The next First Reformed Congregation at Lancaster church record is an odd one.  It records the death of a child (unnamed) who died on 15 Dec 1772.  This child is a son/daughter of "John" Bernhard.  Did the mother die in childbirth?  Does the fact that the child is unnamed show that he/she was not old enough to be christened? This is the only record I found at that church naming a "John Bernard" as a father of a child. Did he move away?  Did he remarry?  Did he simply quit going to church?  Does he die soon after as well?  Many questions.  Because the child is born in 1772, there is a strong suggestion that John may be a brother to Joseph (father) in the other records because their children are born in the same general time period.  Remember, too, that the Revolutionary War was heating up around this time and by 1775 the people of Pennsylvania had become deeply embroiled in that conflict.  Last Question here.  Is this John our Adam's (b. 1774) Father?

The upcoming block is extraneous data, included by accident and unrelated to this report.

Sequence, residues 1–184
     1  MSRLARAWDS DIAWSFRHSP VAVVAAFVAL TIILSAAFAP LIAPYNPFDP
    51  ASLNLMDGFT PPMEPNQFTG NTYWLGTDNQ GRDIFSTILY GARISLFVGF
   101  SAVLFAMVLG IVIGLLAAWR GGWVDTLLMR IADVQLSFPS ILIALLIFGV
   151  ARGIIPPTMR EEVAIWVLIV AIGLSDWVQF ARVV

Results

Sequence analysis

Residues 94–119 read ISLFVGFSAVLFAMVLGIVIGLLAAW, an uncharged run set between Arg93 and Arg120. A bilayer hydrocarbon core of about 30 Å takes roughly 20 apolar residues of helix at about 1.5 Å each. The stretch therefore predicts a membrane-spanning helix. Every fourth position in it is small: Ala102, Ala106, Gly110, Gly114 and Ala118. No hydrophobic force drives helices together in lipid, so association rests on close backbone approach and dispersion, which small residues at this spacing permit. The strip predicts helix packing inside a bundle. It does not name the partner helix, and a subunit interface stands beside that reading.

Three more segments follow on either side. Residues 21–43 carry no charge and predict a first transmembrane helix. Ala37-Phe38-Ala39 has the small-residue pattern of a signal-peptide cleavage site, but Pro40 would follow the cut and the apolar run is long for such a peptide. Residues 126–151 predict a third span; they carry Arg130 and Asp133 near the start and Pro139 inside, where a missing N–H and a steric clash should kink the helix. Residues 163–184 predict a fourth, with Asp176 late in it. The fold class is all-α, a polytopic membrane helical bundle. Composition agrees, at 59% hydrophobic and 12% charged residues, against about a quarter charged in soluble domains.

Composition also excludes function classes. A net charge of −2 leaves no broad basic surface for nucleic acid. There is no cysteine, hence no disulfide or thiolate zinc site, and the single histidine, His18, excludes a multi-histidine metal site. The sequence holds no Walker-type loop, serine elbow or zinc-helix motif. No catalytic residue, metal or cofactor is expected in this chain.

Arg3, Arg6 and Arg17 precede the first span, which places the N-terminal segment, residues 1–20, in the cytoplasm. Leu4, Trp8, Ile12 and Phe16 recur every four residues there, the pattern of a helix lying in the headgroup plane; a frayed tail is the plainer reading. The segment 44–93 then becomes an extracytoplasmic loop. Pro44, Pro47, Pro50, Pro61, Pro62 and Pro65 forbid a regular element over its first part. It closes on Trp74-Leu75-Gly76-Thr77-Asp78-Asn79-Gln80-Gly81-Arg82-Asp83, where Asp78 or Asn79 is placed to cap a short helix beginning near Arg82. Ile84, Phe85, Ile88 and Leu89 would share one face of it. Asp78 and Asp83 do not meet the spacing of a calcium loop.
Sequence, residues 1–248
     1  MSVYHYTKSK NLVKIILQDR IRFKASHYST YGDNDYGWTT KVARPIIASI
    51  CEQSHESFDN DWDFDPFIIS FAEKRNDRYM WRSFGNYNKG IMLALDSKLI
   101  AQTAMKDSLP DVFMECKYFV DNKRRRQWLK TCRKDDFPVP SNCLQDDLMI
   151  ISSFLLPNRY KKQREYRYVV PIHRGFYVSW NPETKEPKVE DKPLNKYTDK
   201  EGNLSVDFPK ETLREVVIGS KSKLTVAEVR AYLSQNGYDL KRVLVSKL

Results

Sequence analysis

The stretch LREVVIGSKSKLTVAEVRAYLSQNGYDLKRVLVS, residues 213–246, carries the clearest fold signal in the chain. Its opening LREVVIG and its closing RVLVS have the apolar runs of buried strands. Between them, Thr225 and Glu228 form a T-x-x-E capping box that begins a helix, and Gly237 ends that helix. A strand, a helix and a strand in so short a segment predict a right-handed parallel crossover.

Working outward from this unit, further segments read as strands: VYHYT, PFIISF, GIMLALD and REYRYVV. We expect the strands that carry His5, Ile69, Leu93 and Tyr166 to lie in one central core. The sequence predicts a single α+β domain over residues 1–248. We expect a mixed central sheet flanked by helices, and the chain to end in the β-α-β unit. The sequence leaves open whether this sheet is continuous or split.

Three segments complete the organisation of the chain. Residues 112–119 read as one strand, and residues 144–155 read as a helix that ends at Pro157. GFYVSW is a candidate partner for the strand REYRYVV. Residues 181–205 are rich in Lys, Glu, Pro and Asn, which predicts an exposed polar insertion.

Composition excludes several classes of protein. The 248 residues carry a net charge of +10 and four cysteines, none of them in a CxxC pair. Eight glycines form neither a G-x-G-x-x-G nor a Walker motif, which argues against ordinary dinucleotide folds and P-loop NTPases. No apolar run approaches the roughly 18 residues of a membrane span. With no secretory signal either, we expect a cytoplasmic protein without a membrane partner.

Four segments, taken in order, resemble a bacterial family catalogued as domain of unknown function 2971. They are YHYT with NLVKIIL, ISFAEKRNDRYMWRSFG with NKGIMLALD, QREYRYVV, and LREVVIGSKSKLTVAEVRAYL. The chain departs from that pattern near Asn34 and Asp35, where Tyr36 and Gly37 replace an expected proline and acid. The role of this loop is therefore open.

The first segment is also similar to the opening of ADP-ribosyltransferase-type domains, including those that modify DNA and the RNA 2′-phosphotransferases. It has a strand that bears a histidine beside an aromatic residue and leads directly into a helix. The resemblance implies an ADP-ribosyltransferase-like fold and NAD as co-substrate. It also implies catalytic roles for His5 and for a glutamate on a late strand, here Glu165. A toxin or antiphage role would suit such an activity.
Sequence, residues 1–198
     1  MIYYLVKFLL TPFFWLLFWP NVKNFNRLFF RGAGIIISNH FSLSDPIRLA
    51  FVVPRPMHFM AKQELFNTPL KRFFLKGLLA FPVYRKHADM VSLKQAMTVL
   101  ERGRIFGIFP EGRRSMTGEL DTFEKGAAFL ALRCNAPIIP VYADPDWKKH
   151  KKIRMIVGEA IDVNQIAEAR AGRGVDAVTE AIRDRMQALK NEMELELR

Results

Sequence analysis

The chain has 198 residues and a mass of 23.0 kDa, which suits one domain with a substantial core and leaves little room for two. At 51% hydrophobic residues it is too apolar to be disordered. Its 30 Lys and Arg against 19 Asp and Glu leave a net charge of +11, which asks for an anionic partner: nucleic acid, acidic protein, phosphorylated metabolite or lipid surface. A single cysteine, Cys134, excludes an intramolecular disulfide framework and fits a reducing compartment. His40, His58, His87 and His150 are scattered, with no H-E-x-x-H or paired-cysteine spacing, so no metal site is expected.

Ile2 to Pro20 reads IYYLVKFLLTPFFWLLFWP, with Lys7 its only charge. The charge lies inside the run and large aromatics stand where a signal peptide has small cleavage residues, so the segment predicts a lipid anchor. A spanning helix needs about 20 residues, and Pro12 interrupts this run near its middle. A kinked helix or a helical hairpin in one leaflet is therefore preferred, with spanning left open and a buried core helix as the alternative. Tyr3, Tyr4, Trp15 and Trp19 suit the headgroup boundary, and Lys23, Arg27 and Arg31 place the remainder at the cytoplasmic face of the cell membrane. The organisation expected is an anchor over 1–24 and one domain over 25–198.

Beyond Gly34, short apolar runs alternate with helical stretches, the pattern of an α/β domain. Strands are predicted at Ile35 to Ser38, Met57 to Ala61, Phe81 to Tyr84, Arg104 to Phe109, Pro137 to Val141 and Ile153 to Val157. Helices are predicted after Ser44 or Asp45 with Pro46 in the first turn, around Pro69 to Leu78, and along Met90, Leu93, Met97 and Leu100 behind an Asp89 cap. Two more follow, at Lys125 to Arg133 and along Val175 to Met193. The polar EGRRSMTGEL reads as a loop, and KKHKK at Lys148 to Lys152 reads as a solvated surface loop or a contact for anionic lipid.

One more church record from the First Reformed Congregation at Lancaster that I think requires attention. It records: 1.)  The marriage of Henry Barnhart to a Catherine Beck of Manorland on Dec 13, 1796.  I am going to assume that Manorland refers to Manor Twp. located along the eastern side of the Susquehanna River just south of Mountjoy Twp.  2.) The baptism of Jacob Bernhard, son of Henry and Catherine on April 24, 1797, a little more that 5 months after their marriage. Armed with an actual birth date, I ran a search in "Ancestry" for a Jacob Barnhart born in that year.  One of the first records to pop up was a 1860 census record for a Jacob Barnhart, age 44 (b. abt. 1816), who lived in Pymatuning Twp, Mercer County, PA.  Pymatuning Twp. abuts West Salem Twp. lest than 10 miles from where the family of Adam Barnhart lives.  This fact intrigued me so I took a further look.  I at first rejected that this could be the Jacob Bernhart I was seeking because that particular Jacob would be about age 63.  However, listed with this Jacob's family is an old man, Henry Barnhart, living with them who is 87 year and would have been born about 1773.  Could this be the Henry who married Catherine Beck in Lancaster County?  Then an idea came to me.  This Henry is living with his Grandson, Jacob!  After this, much research data fell quickly into place. First of all, I did find the Jacob Barnhart, (Henry and Elizabeth Bernhard's son, born in 1797) on the 1840 census.  Jacob was listed on the Delaware Twp., Mercer Co., census.  Delaware Twp. is located next to Pymatuning on the east, again less that 10 miles apart township's center to center. This Jacob is age 44.  I did not find him on subsequent census records so he could have died or moved elsewhere.  I therefore believe that Henry and Adam are either brothers or first cousins. They are born in the same 10 year time period. I believe that Henry does not leave Lancaster County and move west until after his father Joseph dies some time after 1810.  I believe that he decided to venture into the Tavern Keeping business near the growing town of Sharon, PA in 1825. He would be about 58 years old. Sharon and Mercer, mentioned in the article below, are both towns in Mercer county.  Sharon is on the western edge of the county across the Shenango River from Ohio and Mercer is about 15 miles east of that.  This page was excerpted from the History Of Mercer County published in in 1888, a volume I often consult to find our Mercer County relatives.  See the two historical excerpts below. ▼ Now I know this doesn't prove that Henry was a Tavern keeper in 1810 but it does show that these two Barnharts thought a liquor establishment a worthy enterprise to support as a community business.